Schools should resist calls to end active shooter training

Schools should resist calls to end active shooter training


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School Resource Officers (SRO) play a key role in the prevention and mitigation of school shootings.

They are intimately familiar with the school’s layout, points of entry, areas of weakness, communications system, emergency preparedness protocols, and the content and implementation of the school’s armed assailant protocols. They have direct links to the local police but also serve on school or district crisis response teams, school safety committees, and more. They should continue to hold an important role in primary and secondary schools across the country.

However, there are several critical reasons why we must not solely rely on the response of law enforcement when addressing mass school shootings.

First, community, societal, and political support for SROs ebbs and flows. In the last few years, there have been pleas to cut funding and remove them entirely from schools and districts. Racism, bias, and the school-to-prison pipeline are some of the reasons why we, as a society, have been asked to rethink and/or retrain SROs. Because of their delicate and uncertain role in our political spheres and society, we cannot exclusively rely on these individuals to protect our children and educators.

Second, under optimal circumstances, it takes both SROs and external law enforcement time to act. While SROs often are already physically at the school or campus, it still takes minutes to be alerted, identify where the threat is coming from, and engage with an assailant.

Third, because SROs and external police officers are tasked with making decisions that carry life-or-death consequences in a short amount of time, there is the possibility for human error, misinformation, costly delays, and/or protocols that do not quite fit the situation at hand. If there is a breakdown in police response, there needs to be a contingency plan.

In those initial minutes, when SROs and law enforcement are not in close proximity to the assailant, up to speed on the facts, and able to respond, mass casualties do occur. Therefore, it is important that potential victims are equipped with the knowledge and skills about what to do to increase their survivability. These potential victims — students, teachers, and staff — need to know what to do. They need the knowledge to act as their own first responder.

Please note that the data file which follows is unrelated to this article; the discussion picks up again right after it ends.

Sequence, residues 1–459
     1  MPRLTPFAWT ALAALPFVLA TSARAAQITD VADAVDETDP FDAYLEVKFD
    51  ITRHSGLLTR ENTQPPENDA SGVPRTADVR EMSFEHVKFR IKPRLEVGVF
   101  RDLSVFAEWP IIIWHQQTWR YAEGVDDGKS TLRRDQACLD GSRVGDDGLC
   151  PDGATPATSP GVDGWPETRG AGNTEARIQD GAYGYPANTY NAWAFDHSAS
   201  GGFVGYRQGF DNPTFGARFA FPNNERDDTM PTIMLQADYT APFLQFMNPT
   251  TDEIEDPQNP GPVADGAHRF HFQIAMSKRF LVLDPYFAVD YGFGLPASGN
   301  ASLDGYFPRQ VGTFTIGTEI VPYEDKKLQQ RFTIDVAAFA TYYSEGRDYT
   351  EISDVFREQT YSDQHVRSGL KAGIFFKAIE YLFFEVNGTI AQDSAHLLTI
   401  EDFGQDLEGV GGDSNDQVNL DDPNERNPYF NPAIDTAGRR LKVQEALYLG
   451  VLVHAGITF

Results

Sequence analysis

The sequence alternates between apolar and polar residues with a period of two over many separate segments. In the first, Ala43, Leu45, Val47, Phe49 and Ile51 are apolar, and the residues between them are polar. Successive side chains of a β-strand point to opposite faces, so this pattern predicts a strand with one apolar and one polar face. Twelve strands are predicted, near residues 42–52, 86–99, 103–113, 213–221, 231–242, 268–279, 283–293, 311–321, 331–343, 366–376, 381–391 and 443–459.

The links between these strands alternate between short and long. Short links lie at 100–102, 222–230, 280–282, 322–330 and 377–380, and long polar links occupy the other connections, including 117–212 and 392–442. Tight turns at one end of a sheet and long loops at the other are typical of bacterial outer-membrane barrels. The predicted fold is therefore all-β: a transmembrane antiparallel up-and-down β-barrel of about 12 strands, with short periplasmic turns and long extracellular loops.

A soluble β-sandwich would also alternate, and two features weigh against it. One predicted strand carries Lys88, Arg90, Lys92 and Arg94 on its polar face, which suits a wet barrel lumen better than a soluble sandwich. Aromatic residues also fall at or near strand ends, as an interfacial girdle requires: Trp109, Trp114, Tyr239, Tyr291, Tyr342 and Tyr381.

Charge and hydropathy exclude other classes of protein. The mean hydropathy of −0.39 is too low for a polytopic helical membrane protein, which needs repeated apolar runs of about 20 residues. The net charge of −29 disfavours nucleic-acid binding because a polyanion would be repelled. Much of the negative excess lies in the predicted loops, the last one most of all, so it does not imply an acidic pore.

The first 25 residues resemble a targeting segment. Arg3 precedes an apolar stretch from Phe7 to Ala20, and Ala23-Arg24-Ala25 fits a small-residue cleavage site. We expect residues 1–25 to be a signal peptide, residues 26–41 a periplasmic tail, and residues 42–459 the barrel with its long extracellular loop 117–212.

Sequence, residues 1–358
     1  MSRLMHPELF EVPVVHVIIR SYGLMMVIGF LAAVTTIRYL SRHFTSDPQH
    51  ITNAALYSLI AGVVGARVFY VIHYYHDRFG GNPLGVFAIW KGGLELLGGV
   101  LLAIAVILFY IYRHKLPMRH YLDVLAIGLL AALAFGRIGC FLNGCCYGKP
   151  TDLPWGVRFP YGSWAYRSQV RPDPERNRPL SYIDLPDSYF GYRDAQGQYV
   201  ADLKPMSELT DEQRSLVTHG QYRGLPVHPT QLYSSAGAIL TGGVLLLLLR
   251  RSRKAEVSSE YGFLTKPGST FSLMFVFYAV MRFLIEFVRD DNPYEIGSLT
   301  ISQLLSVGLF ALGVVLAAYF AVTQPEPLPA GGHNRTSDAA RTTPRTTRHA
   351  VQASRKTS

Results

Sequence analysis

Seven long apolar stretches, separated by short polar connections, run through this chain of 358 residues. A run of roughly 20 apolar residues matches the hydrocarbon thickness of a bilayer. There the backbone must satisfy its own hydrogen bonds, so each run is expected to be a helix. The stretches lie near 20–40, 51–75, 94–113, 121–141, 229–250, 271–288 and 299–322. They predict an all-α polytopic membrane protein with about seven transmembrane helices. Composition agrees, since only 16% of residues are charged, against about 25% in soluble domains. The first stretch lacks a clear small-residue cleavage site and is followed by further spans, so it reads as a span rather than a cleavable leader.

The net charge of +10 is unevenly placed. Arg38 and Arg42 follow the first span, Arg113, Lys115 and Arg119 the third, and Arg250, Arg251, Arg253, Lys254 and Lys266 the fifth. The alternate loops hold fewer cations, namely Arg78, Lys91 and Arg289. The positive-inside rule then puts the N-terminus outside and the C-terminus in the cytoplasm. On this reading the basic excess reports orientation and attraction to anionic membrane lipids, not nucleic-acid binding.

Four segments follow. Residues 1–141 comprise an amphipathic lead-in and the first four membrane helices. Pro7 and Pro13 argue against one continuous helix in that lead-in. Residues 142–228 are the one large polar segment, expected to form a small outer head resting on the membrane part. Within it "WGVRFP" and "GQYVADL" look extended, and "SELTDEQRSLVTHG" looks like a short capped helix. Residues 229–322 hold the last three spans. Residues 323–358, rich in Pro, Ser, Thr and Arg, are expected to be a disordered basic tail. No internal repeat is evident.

Because of this, the calls to rid schools of active shooter training are misguided. With inevitable delays in law enforcement responses, students, teachers, and staff need to know what to do to survive.

Some protocols have one option, two options, or three options available to potential victims to increase survivability. Single-option response, also known as traditional lockdown, involves locking a door, turning off the lights, and hiding in a corner. Dual-option responses (e.g., Standard Response Protocol) include locking down and evacuating when able. Multi-option responses have three possibilities to survive: barricading while locking down, evacuating, and actively resisting when — and only when — confronted with the assailant. These programs include Run. Hide. Fight, ALICE, and Avoid/Deny/Defend.

The nuance in these programs is slight as all three provide mental tools that allow individuals to break through the freeze and respond. Regardless of the program used, each protocol understands there will be a delay before law enforcement reaches students, teachers, and staff. Thus, this training is important to help people survive in those initial few minutes.

SROs and law enforcement are vital in keeping students and educators safe in this era of mass school shootings. However, solely relying on them will put people in danger. As such, we must keep active shooter training in schools to give students, teachers, and staff every option to survive.

Brooke Miller Gialopsos is an assistant professor of criminal justice, criminology, and forensics at Seattle University. Cheryl Lero Jonson is an associate professor of criminal justice at Xavier University in Ohio.